The journey to becoming a top Paralympic swimmer started when Stephanie Dixon saw herself in someone she admired.
Dixon was born with one leg and wore a prosthetic. As a child, she struggled to identify with people in positions of power or influence. But there was one day each year where anything felt possible.
“On the Terry Fox run every September, I was the cool kid who ran just like Terry Fox,” she told CBC’s The Early Edition.
“As a child with a disability it was hard to feel cool and like I fit in. So on that one day every single year, I got to be just like my hero, Terry Fox.”
The 19-time Paralympic medallist is Canada’s chef de mission for the 2020 Paralympic Games. She is also a health and wellness coach for the third season of Mind Set Go, a documentary series that shows the journey of how Canadians living with disabilities, injuries or chronic pain reach their goals for a healthier future.
As a Paralympian, she’s become a role model for the show’s participants, showing them how much they can accomplish with the right mindset.
One participant acquired her disability later in life, after having two strokes. It changed her life dramatically, but she wanted to maintain her independence and be able to keep up with her grandkids. Dixon said it was inspiring to see her gain confidence throughout the course of the show.
“There’s some physical challenges that they all face, but even more so than that was challenges in their mindset,” Dixon said.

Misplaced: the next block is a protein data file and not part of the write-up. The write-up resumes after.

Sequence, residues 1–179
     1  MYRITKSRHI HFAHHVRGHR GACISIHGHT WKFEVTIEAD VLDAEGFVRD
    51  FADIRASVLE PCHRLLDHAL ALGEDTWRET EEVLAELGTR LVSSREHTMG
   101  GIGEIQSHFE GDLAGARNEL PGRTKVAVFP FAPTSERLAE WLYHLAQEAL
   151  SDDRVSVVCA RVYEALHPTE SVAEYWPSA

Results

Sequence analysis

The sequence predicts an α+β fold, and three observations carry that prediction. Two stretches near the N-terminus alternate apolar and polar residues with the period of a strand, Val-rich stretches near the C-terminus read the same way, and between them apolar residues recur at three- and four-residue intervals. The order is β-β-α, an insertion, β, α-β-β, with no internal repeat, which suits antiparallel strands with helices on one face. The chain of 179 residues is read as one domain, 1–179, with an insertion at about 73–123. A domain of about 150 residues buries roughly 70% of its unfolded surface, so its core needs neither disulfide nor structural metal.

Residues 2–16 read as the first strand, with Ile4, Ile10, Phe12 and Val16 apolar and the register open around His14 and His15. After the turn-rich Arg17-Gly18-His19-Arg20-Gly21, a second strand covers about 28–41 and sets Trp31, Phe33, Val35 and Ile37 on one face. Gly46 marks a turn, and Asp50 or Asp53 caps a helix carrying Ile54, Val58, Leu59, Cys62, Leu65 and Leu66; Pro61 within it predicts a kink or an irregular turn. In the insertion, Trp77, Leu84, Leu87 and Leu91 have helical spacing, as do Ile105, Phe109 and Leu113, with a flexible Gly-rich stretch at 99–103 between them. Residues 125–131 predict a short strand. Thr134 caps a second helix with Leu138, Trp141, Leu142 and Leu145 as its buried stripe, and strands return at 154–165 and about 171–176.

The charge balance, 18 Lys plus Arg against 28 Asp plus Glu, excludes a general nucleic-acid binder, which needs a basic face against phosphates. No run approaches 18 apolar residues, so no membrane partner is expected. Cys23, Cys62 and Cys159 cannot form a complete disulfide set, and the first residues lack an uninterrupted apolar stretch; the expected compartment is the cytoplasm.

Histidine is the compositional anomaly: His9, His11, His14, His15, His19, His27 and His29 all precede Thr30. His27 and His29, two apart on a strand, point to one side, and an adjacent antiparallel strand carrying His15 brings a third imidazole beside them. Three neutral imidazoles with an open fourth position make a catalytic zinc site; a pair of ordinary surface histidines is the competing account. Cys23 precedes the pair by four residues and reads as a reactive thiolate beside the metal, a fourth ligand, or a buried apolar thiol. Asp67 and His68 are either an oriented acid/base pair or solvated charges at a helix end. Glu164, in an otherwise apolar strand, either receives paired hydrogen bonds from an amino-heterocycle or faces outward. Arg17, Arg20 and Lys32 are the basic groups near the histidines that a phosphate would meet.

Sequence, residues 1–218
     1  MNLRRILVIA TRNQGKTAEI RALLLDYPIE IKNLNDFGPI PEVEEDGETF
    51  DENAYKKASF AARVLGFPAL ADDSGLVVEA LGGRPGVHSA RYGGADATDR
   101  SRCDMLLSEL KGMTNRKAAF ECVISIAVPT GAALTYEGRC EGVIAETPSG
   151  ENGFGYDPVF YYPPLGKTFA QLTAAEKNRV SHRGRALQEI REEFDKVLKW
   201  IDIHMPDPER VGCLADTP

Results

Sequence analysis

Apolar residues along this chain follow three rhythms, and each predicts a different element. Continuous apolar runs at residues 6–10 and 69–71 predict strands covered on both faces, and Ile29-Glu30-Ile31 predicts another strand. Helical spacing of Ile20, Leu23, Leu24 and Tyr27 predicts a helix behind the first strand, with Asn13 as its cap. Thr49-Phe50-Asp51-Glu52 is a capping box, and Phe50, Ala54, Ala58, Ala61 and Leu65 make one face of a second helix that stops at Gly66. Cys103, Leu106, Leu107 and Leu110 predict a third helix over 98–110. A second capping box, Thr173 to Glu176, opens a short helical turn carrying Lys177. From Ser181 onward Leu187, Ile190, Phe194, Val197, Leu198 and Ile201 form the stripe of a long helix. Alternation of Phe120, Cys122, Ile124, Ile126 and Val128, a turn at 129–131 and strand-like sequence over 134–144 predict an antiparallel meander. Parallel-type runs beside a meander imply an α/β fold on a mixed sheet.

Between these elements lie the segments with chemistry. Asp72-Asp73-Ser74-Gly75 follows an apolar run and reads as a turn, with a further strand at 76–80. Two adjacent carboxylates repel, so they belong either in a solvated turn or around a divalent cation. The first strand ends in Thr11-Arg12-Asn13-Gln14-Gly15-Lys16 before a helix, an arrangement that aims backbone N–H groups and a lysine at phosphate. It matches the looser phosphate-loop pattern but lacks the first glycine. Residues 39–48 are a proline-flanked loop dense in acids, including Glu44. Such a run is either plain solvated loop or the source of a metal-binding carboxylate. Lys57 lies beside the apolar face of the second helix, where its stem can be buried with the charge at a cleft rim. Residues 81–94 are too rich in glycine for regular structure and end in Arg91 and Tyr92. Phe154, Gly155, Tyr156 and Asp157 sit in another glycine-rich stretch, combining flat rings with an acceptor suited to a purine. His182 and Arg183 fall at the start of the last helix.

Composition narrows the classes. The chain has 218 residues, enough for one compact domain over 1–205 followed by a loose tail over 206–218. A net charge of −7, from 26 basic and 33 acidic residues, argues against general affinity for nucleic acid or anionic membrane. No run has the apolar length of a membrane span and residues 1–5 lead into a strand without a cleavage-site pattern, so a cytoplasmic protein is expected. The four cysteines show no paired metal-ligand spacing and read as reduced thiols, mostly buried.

“Things that were holding them back from just beliefs about ourselves and what we can accomplish.”
Dixon said she believes shows like Mind Set Go show just how much the human body can accomplish when people believe they are capable.
“We all need role models, but most importantly role models that we identify with,” she said.
It’s also making Canada more inclusive and connected by helping viewers understand the challenges — and capabilities — of people with disabilities,” she added.
She said she’s seen positive change within society throughout her lifetime in how people with disabilities are understood and accepted.
She said it is an honour to represent Canadian Paralympians this summer.
“We are becoming much more accessible physically, inclusive from an emotional and community standpoint,” she said.
“I do feel like a valued, appreciated, heard and seen member of society and I have a visible disability … we are making progress.”